Ask what they thought went well/what you could do better
See what kind of response you get
Remember that follow up is also part of the
interview
• Being open to feedback is a sought after
characteristic from employers
• Some may refuse due to company policy
• Be honest and ask for a second chance
• Find folks who work in the company/trusted
colleagues connected to it. Have them act as
supportive references for you
What if you don’t hear from the recruiter?
• Before your interview ended, your interviewer should have
informed you of the organization's follow-up procedures
• If the interviewer did not tell you, and you did not ask, use your
follow-up / thank-you letter to ask.
• If more than a week has passed beyond the date when you were
told you would hear something from the employer, call or email to
politely inquire about the status of the organization's decisionmaking process.
• A polite inquiry shows that you are still interested in the
organization and may prompt the employer to get on schedule with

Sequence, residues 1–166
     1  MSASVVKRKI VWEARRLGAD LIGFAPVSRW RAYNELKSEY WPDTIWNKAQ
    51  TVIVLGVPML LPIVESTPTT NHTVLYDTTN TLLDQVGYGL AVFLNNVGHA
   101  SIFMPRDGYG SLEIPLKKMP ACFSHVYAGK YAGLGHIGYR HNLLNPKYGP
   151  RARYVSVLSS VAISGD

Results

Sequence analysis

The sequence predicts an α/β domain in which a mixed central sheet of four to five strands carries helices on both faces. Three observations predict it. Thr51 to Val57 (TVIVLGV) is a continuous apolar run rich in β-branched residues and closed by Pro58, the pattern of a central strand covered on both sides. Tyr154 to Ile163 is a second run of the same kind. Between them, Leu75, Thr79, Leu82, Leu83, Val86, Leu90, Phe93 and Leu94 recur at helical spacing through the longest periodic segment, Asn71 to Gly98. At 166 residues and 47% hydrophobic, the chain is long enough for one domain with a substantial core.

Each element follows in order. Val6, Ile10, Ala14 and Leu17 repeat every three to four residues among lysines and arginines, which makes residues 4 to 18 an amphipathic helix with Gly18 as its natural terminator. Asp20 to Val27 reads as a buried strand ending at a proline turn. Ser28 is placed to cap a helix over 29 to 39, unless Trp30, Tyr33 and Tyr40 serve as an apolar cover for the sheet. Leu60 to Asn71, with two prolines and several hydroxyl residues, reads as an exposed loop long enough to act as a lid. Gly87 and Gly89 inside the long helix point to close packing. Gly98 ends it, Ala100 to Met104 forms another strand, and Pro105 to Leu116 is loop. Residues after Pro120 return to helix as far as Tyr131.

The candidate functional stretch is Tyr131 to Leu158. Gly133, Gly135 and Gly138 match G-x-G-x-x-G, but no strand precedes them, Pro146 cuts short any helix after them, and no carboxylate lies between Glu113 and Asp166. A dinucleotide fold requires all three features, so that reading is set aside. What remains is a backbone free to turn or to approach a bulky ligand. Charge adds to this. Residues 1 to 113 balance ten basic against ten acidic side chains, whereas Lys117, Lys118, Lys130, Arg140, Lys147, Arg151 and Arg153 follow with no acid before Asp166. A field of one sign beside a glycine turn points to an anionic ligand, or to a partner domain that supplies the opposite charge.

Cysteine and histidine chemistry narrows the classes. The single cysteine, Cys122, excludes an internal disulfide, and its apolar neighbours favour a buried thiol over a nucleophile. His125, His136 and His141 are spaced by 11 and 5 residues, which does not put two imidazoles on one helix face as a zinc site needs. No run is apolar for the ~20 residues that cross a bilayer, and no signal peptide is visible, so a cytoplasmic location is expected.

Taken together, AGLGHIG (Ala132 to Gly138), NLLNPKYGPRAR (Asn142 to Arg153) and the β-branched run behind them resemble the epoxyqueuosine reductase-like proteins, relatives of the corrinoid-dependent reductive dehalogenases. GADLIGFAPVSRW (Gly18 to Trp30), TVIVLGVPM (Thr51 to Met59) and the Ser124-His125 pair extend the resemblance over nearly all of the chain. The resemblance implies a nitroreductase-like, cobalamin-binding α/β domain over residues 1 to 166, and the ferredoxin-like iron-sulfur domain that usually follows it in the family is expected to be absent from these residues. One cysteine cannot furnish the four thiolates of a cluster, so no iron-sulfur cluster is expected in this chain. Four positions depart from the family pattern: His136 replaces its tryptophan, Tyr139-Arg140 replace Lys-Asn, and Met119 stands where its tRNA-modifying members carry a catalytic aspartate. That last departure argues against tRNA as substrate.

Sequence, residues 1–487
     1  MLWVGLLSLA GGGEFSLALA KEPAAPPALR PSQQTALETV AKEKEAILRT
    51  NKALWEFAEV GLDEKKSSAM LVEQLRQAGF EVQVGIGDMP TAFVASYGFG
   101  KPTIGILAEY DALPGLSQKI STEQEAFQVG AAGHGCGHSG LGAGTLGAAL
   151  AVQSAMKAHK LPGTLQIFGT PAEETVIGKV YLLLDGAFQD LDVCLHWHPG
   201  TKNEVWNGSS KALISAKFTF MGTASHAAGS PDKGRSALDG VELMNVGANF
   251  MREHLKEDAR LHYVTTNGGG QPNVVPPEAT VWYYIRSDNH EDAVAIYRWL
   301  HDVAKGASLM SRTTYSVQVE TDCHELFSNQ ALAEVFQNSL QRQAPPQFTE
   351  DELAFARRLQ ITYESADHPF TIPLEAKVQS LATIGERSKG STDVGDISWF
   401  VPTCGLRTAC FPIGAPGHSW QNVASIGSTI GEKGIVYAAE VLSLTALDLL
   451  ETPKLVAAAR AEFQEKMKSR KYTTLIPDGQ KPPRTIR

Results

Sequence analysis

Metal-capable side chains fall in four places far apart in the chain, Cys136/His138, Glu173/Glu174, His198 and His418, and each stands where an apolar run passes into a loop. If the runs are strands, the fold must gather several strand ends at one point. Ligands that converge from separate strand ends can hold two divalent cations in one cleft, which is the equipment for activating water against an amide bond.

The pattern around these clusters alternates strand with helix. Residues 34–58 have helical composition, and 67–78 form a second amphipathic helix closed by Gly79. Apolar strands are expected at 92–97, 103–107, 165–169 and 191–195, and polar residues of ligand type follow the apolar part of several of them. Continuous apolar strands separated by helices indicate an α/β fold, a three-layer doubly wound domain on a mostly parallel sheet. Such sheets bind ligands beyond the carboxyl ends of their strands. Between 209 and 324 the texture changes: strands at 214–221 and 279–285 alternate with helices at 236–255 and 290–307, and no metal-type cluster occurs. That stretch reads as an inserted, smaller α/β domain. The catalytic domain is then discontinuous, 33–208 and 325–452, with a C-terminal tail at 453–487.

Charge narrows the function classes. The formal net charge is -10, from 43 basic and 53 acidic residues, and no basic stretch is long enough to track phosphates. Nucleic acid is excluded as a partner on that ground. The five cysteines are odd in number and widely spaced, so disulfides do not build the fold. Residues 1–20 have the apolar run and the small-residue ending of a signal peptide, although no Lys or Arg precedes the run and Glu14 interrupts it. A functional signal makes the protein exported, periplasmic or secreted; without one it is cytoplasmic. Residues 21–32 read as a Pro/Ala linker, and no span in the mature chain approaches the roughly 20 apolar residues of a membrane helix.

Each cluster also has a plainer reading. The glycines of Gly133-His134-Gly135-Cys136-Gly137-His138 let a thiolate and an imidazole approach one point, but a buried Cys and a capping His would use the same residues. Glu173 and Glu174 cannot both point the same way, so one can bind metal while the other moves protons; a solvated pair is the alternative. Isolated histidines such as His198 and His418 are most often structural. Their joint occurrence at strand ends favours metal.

a response.
• In your inquiry, mention the following: name of the person who
interviewed you, time and place of the interview, position for
which you are applying (if known), and ask the status of your
application.
• Rule of Thumb-email immediately after interview>wait 10 days to
2 weeks and contact again>after 3-4 weeks of contacts it is time to
assume they hired someone else
Why don’t you hear from
recruiters? (By Lisa Rangel-Yahoo small business advisors)
• Corporate HR people and search firm recruiters are middle
men/women
• Most are well-intentioned and want to move candidates through
the process to get the open job off their desk.
• To keep the candidate hopeful, the recruiter says things like “I will
let you know by Friday” or “I am expecting the manager to get back
to me ASAP” with full intent on making that happen. Then the
manager does not get back to the recruiter, leaving the recruiter in
an awkward and frustrated position.
• Some recruiters simply manage the process poorly
• The bottom line is most middlemen/women have little to no control